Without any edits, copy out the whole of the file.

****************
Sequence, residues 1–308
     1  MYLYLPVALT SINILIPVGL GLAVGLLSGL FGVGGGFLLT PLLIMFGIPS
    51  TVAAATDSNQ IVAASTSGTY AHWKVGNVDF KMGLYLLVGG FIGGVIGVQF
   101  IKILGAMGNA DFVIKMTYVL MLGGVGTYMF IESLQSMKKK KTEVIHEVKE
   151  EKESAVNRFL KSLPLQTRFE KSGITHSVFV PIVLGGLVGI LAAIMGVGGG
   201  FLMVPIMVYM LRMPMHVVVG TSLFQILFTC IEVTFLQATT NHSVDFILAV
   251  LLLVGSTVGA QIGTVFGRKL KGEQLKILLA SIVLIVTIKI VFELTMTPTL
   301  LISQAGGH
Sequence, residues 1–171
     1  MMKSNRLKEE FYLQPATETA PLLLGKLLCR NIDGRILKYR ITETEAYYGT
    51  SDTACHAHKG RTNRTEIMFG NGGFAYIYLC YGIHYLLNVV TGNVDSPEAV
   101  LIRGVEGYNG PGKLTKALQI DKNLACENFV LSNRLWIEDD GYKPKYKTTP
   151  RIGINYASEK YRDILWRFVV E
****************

Sequence, residues 1–308
     1  MYLYLPVALT SINILIPVGL GLAVGLLSGL FGVGGGFLLT PLLIMFGIPS
    51  TVAAATDSNQ IVAASTSGTY AHWKVGNVDF KMGLYLLVGG FIGGVIGVQF
   101  IKILGAMGNA DFVIKMTYVL MLGGVGTYMF IESLQSMKKK KTEVIHEVKE
   151  EKESAVNRFL KSLPLQTRFE KSGITHSVFV PIVLGGLVGI LAAIMGVGGG
   201  FLMVPIMVYM LRMPMHVVVG TSLFQILFTC IEVTFLQATT NHSVDFILAV
   251  LLLVGSTVGA QIGTVFGRKL KGEQLKILLA SIVLIVTIKI VFELTMTPTL
   301  LISQAGGH
Sequence, residues 1–171
     1  MMKSNRLKEE FYLQPATETA PLLLGKLLCR NIDGRILKYR ITETEAYYGT
    51  SDTACHAHKG RTNRTEIMFG NGGFAYIYLC YGIHYLLNVV TGNVDSPEAV
   101  LIRGVEGYNG PGKLTKALQI DKNLACENFV LSNRLWIEDD GYKPKYKTTP
   151  RIGINYASEK YRDILWRFVV E